Kammen piles on: Prosecutors have referred to any “non-military” member of the U.S. armed forces or its "coalition partners." But that’s weird, as the U.S. wasn’t at war in 2000, when the Cole attack occurred; what “coalition” existed then?  Come on, Kammen argues, a bill of particulars must be specific; and the current prosecution filings are anything but. Can a random citizen of Buffalo claim to be have been “intimidated” by the 2000 Cole attack?  It’s classic, vague pleading. Thus his crew wants the aggravators and bill of particulars both to be knocked out of the case---as Spath has done before, Kammen notes, with respect to other problematic aggravators. Death penalty law requires specificity as to the affected civilians in the year 2000. (Kammen adds that if civilians in later years can be counted for these purposes, then the evidence of their intimidation makes clear the “relatedness” of all counts for appellate purposes---as Pollio suggested in her argument regarding postponement.)

Rebuttal comes now, from prosecutor Navy Lt. Paul Morris. First, the audience for terrorism can be the global civilian population, he argues, as the court well knows: Judge Spath hasn’t rejected this theory, contrary to Kammen’s argument moments ago. Secondly, there’s the government’s burden of proof: that’s beyond a reasonable doubt, come trial-time.  Upon carrying that burden, then and only then does sentencing and aggravation come into play. And that would be subsequent to a finding about, say, the existence of “hostilities” at the time of the alleged conduct; the defense thus has no grounds to complain, right now, about the evident theory that civilians in years after 2000 might have been intimidated by Al-Nashiri's alleged crimes in that year.  The legal standard for a bill of particulars, after all, is not “does this help the defense,” but is it “necessary” to making a defense in the first place---a standard that Morris and his colleagues clearly meet.  This is terrorism, your honor, a tactic that has a wide, far-reaching audience.  The bill of particulars is more than sufficient, and should stand.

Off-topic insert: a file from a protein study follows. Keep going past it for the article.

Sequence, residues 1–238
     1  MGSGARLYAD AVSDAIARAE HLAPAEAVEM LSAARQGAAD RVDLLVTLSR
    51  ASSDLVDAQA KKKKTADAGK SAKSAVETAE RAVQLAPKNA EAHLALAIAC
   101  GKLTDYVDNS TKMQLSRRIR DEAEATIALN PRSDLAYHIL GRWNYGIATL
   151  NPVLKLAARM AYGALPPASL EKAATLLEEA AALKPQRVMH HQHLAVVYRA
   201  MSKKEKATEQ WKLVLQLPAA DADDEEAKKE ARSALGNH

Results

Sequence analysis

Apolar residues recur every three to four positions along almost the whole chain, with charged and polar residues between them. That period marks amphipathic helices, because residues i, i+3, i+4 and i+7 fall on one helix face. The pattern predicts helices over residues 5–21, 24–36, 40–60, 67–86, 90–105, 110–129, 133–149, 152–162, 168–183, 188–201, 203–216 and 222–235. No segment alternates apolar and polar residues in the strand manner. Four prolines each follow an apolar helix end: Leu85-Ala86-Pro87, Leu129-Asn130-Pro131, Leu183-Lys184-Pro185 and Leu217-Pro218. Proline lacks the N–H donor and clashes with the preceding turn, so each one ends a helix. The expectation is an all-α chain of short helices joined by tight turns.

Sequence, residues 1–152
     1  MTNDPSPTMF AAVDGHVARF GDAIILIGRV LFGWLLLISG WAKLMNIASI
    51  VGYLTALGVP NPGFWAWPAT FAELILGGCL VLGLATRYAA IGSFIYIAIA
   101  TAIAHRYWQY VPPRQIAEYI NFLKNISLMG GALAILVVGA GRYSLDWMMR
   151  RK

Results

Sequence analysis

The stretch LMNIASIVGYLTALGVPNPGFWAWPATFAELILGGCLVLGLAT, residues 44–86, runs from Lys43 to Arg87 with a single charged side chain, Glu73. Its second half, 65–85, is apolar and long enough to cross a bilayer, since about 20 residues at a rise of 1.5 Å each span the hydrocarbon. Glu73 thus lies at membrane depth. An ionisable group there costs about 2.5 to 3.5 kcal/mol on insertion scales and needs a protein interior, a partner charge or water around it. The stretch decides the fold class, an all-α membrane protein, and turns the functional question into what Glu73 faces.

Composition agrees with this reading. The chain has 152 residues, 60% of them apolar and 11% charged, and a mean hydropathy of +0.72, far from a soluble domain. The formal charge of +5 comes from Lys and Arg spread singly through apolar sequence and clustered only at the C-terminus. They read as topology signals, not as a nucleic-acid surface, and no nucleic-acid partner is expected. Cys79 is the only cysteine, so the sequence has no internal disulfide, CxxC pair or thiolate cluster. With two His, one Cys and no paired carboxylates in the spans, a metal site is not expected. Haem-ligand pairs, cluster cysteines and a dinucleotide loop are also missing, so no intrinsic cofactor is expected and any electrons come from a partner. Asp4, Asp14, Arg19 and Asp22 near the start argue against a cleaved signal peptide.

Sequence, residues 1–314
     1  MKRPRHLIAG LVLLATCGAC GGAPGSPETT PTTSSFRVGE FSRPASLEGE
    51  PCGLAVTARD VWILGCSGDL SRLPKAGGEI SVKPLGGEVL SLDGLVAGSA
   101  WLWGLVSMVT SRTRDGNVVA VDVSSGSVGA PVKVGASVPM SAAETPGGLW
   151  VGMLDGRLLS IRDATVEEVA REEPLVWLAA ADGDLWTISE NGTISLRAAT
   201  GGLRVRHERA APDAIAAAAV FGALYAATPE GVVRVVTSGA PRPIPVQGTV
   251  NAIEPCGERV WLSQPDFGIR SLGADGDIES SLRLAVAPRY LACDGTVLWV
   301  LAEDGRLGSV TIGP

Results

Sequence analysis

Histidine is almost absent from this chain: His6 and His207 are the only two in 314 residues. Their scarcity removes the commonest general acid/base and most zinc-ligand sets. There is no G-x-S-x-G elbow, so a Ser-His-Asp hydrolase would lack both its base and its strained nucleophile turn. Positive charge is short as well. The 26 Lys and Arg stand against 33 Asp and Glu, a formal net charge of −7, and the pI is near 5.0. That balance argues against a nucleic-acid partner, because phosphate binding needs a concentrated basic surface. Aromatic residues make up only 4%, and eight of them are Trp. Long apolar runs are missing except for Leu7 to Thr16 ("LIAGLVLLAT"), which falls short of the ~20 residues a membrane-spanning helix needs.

Kammen asks again: What are the countries in the "coalition" affected by this conduct, and why can’t they be identified in a bill of particulars?  The government won’t say.  That matters, given the many possible theories in play. Suppose Al-Nashiri’s alleged actions were meant to influence Yemeni civilians, and Yemen’s government---but Yemen wasn’t a “coalition partner.”  What then? Kammen says he absolutely must see the evidence in question, both in order to discern the prosecution’s reasoning, and to ensure that death penalty law isn’t wildly misapplied.  The bill and the aggravator should be struck, he says.